Solar Done Right

Published on
by

Solar Done Right

Distributed solar can help get us off fossil fuels, protect wildlife

Solar panels on aquatic center (Credit: Georgia Tech/Wikimedia)

When you turn on the lights, you probably don’t think about Canada lynx or California condors, but the connection is real. We’re crowding out wildlife. Not just in the obvious ways by building strip malls, cutting down rainforests, and sprawling into suburbs, but through our supply chain for virtually everything we consume — including energy.

The fossil fuel industry takes up a huge amount of land through extracting, refining and transporting fuels, generating electricity at huge power plants, and transmitting that electricity over large distances. Plus, there’s climate change, the number-one cause of habitat loss worldwide.

We need to transition from dirty energy to cleaner, renewable sources as swiftly as possible, but for wildlife threatened by the demands of our expanding human population, it’s not as simple as building giant solar and wind farms.

Large-scale renewable sources can take up large amounts of otherwise undisturbed habitat. Take, for example, the Mojave Desert, where solar installations may seem like a no-brainer but could actually threaten unique and biodiversity-rich ecosystems, including threatened desert tortoise habitat. When you add in the land needed and energy lost to transmit this electricity over great distances, these large renewable farms’ footprints are even bigger.

We’re all for renewable energy, but it has to be done right — not just for wildlife and wild places but for future generations who will need clean energy and functioning, wild ecosystems.

Distributed solar generation — that is, solar panels placed where energy is needed, such as on rooftops — can generate much cleaner energy without taking up additional space. California alone has the potential to power its energy needs up to five times over simply by placing solar panels on and around existing infrastructure, such as homes, businesses and government buildings.

It doesn’t have to be just rooftops, but all compatible surface areas — technology ranging from thin-film, transparent panels over windows to large panels installed as shades over parking lots and roadways can all become the norm. And with these smaller local solar arrays, communities could have some ownership in the energy system, rather than be subject to utilities’ and fossil fuel interests’ profit-based decision-making.

So why aren’t there solar panels on every rooftop and photovoltaic cells on every available surface?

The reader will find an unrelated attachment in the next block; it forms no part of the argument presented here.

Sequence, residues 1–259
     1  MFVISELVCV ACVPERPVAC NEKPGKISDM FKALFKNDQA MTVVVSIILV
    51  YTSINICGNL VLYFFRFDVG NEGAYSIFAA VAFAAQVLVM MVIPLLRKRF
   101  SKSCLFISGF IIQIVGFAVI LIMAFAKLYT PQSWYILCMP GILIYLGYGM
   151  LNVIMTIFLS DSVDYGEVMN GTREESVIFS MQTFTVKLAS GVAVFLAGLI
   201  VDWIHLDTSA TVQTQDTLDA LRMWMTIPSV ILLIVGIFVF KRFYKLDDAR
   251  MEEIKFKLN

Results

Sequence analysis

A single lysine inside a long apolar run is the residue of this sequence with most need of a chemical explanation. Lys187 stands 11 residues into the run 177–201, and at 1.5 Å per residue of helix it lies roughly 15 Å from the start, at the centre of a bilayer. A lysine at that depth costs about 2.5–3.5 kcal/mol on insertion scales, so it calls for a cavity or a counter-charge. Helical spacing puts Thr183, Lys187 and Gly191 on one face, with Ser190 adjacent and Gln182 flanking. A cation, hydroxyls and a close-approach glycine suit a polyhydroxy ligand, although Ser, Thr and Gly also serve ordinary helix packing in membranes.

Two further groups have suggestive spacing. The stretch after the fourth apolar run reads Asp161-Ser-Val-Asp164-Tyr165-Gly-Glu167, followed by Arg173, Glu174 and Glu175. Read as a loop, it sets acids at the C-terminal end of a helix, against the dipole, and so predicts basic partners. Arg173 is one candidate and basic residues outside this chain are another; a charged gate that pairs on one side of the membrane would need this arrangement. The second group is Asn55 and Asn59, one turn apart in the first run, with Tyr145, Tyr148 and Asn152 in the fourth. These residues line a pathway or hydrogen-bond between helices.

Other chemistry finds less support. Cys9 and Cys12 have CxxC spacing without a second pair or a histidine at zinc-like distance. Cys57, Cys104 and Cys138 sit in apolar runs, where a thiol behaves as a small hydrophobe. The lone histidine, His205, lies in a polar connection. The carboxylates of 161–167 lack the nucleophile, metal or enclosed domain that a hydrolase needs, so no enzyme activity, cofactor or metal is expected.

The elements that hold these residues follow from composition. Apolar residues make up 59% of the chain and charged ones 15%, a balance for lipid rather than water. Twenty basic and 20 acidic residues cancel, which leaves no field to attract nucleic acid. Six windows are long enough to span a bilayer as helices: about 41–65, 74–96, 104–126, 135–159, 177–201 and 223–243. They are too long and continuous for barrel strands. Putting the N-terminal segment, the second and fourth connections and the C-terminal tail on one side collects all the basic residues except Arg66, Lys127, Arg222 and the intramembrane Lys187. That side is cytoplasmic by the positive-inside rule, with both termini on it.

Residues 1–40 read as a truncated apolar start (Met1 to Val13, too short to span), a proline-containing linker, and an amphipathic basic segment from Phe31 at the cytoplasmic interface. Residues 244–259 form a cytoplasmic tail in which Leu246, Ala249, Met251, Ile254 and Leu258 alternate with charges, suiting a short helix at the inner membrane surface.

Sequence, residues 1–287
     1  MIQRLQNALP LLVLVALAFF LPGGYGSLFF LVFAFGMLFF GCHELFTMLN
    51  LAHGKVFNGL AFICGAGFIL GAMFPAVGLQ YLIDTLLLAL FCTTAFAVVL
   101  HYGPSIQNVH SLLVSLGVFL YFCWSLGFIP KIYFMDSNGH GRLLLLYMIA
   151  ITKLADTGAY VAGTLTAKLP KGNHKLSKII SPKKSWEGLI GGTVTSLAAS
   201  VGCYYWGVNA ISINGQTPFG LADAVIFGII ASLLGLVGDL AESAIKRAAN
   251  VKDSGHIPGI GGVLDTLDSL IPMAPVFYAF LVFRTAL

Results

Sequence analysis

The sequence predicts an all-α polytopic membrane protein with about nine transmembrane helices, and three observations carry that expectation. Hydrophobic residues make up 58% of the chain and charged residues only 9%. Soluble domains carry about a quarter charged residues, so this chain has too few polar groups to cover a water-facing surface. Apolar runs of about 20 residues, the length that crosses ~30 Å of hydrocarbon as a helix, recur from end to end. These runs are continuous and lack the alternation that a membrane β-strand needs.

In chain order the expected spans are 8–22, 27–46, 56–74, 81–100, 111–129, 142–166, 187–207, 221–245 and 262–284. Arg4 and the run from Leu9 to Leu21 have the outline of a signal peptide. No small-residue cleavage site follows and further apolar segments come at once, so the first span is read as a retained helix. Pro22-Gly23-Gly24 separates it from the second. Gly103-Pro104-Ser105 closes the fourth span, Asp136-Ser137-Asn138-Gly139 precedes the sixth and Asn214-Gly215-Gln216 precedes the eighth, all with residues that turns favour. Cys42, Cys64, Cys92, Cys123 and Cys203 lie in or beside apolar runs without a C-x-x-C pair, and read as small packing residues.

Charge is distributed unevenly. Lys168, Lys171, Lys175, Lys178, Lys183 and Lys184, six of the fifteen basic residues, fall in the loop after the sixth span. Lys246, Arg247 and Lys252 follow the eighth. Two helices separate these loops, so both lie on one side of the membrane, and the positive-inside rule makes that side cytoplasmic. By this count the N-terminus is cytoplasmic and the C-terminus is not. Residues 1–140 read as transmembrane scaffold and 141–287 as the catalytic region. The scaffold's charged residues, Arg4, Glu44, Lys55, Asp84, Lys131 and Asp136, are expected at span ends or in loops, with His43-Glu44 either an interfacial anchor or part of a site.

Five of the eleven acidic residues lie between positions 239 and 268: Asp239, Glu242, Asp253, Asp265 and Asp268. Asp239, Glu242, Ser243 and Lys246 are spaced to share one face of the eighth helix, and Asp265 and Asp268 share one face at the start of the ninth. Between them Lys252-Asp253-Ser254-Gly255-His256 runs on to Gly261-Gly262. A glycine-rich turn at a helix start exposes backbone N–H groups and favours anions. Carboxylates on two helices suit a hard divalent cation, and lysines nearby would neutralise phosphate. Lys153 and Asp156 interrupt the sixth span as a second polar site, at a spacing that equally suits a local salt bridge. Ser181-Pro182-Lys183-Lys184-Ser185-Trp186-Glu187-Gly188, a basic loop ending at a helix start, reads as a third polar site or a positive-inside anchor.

Some of this technology is still up-and-coming, but the bigger barrier is energy policy and regulations that continue to favor fossil fuel development. In order to get a large portion of our electricity from distributed generation, we’ll have to invest in large-scale grid upgrades, energy-storage technologies, and a market that makes it much easier for people to get connected. We’ll also have to improve efficiency to reduce energy use and waste as our population — and energy demands — continue to grow.

The way forward is to support net metering, community solar, and similar policies and programs that make it feasible for homeowners, businesses and communities to install solar panels without having to overcome barriers such as unfair fees and unruly permitting processes.

There will be battles for distributed solar in every state, because the big energy companies don’t want to give up the status quo. In 2015 alone, 46 states saw actions to update key solar policies, many of which would prevent access to rooftop solar. We don’t have to accept that there are only two options — a fossil fuel-based energy system or one largely made up of utility-scale and corporate-owned renewable energy sources — both of which would be devastating for wildlife and wild places.

We can have renewable energy through distributed solar without making endangered wildlife pay the price. It can happen — but we’ll need people power to make sure that politicians understand what’s at stake, what our opportunity is and the right path toward the future.

Check out the Center for Biological Diversity’s Wild Energy page for more information on the connection between distributed solar and wildlife.

Greer Ryan

Greer Ryan is a Sustainability Research Associate at the Center for Biological Diversity.

Share This Article